Many of us come to understand the Iraq War through the lens of newspaper and TV journalists who track our forces on the battlefield and in Pentagon briefings.
In Iraq, Inc: a Profitable Occupation, Pratap Chatterjee provides a view of the Iraq War that goes beyond Humvees, firefights and Pentagon spinmeisters, and reveals a complex and lucrative system of private enterprise, where billions of tax dollars are spent—and sometimes misspent—to support the warriors and rebuild Iraq.
The 248-page paperback, just released by Seven Stories Press, looks at the army of privately contracted dishwashers, barbers, toilet cleaners, security guards, transporters of prisoners, intelligence gatherers and truck drivers, generally invisible to the public. The presence of these workers only comes to light when one among them gets kidnapped or killed or steps out of line and into the media spotlight, as the contract interrogators at Abu Ghraib did.
At the core of Chatterjee’s research are the multinational corporations that get the contracts, deploy the workers, purchase the equipment and get rich in the process. A project director and managing editor at Oakland’s CorpWatch, Chatterjee, 40, has been tracking military spending for a decade.
In an interview earlier this month in his downtown Oakland office, Chatterjee, a Berkeley resident and former member of the city’s Community Environmental Advisory Commission, said that since the first war with Iraq, the role of private enterprise in military contracting has changed dramatically. “In the first Gulf War one in 100 ‘boots on the ground,’ as they call it, was a private contractor.” When the U.S. invaded and occupied Iraq in 2003, one in 10 was a private contractor. “Today, as we speak and the U.S. is launching a war in Falluja, one in four ‘boots on the ground’ is a private contractor.”
Chatterjee, whose well-documented information comes from investigation inside Iraq and from research in the U.S., begins Iraq, Inc. with a hard look at Houston-based Halliburton. The c orporate giant has profited from the war with some $18 billion in contracts to perform such tasks as meal preparation, mail delivery, base construction, and fixing Iraq’s oil industry. (Vice President Dick Cheney, the company’s former CEO, receives more than $150,000 in annual payments from Halliburton.)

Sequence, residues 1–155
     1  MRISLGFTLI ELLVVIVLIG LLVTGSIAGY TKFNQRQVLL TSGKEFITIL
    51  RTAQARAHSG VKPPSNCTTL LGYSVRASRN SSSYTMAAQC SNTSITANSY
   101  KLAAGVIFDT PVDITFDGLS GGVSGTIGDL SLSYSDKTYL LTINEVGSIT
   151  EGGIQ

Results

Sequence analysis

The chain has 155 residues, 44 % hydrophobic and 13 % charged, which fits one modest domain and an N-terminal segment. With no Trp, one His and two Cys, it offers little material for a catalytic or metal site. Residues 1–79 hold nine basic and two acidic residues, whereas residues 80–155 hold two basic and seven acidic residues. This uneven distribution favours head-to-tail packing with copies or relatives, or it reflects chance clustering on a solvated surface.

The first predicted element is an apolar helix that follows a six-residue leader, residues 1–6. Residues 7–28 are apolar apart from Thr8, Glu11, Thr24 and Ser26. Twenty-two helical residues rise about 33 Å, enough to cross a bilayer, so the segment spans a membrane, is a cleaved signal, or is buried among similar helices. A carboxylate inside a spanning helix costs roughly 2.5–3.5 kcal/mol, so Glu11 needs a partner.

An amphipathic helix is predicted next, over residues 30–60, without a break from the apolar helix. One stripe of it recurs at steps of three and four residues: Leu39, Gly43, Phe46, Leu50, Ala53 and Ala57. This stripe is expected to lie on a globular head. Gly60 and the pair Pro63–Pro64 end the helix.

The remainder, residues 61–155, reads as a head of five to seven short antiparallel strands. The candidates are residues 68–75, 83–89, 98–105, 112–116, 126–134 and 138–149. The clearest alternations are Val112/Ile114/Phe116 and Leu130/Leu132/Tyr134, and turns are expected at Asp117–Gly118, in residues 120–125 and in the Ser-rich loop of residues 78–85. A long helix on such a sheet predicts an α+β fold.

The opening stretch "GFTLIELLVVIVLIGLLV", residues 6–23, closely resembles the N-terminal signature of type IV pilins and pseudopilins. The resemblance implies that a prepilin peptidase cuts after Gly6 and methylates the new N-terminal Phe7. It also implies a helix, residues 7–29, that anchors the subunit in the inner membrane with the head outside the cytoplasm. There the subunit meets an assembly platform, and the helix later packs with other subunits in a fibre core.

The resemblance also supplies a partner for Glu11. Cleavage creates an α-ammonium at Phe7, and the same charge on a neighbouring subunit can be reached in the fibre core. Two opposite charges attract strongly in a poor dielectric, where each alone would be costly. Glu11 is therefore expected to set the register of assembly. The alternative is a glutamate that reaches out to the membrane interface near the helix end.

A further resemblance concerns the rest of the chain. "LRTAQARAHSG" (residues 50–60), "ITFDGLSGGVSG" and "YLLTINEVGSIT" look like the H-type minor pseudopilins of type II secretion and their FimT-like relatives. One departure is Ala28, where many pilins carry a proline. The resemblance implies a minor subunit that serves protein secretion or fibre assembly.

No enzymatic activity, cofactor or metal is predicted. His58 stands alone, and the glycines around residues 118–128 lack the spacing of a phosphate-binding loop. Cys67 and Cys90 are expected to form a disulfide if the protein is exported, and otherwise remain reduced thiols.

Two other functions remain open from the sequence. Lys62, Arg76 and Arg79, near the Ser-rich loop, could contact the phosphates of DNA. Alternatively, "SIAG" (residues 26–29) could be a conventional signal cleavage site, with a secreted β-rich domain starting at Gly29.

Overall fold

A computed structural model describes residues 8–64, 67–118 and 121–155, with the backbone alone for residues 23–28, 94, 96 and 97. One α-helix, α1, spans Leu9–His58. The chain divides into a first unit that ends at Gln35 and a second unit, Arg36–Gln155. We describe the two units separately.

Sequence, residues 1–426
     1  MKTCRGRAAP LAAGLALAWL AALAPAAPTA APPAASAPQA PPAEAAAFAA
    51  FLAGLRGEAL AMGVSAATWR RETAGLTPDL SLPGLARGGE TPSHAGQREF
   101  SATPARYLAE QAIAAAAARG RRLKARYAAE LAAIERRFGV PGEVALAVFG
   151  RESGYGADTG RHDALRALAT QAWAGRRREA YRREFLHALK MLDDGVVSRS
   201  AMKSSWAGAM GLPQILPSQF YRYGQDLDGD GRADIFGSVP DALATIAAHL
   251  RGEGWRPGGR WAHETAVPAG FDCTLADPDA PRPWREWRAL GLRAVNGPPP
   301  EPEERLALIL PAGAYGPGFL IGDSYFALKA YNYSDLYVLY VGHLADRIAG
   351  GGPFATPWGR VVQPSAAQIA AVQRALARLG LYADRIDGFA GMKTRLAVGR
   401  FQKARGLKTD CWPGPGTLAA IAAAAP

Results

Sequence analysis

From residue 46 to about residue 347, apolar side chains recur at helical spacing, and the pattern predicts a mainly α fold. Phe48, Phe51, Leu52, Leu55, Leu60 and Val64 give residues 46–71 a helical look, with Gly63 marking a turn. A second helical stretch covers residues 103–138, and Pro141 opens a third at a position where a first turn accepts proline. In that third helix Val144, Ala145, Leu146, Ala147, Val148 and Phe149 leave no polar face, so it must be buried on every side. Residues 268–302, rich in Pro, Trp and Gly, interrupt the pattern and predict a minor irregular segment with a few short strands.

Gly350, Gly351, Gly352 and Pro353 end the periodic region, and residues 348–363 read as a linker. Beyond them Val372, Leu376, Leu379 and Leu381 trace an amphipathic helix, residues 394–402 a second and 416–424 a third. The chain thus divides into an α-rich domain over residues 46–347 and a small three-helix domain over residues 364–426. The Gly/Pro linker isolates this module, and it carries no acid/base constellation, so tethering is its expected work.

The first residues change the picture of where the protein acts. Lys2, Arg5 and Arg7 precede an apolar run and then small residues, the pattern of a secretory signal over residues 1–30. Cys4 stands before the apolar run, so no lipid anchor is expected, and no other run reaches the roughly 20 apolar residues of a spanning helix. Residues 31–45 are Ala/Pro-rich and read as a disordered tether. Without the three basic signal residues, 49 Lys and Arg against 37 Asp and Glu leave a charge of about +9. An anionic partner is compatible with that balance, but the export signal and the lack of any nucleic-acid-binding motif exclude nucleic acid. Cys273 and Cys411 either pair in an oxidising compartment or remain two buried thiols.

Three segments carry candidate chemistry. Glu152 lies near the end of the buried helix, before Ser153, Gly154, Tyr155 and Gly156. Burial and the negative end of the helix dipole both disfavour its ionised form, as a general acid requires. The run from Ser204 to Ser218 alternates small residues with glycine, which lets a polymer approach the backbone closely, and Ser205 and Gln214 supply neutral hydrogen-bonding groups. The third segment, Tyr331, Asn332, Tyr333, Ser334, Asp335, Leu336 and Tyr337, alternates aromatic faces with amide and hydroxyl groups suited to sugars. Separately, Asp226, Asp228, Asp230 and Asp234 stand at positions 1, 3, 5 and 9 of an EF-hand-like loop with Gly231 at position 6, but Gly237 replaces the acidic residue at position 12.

Employees are attracted by Halliburton salaries, which top what they could otherwise earn. The pay varies according to the worker’s home country: a South Asian kitchen worker might earn $300 each month, an Indian fabricator, $550 and an American truck driver can get $8,000.
The corporation employs few Iraqis. The Iraqi Labor Ministry reported in October, 2003 that 70 percent of the labor force was unemployed. “…Halliburton and the occupation authorit i es simply do not trust Iraqi workers, fearing that they might kick out or kill their colonial bosses,” Chatterjee writes.
When making purchases, Halliburton doesn’t skimp. Why should it? Its contracts guarantee costs plus 1 percent profit. So greater exp enditures—buying a $5 towel rather than one at $1.60—increase the company’s earnings.
Should Halliburton be condemned as a war profiteer? Richard Dowling, spokesperson for the U.S. Army Corps of Engineers doesn’t think so: “Yes, it is a profit motive tha t brings companies into a dangerous location, but that is what capitalism is all about,” he told Chatterjee. “Halliburton employees are under fire and several have died, but (the companies) are still here. With all due respect to nonprofit organizatio ns l ike the United Nations and the Red Cross, they have pulled out. If it takes profit to motivate an organization to take a tough job, then that’s the only way to do it.”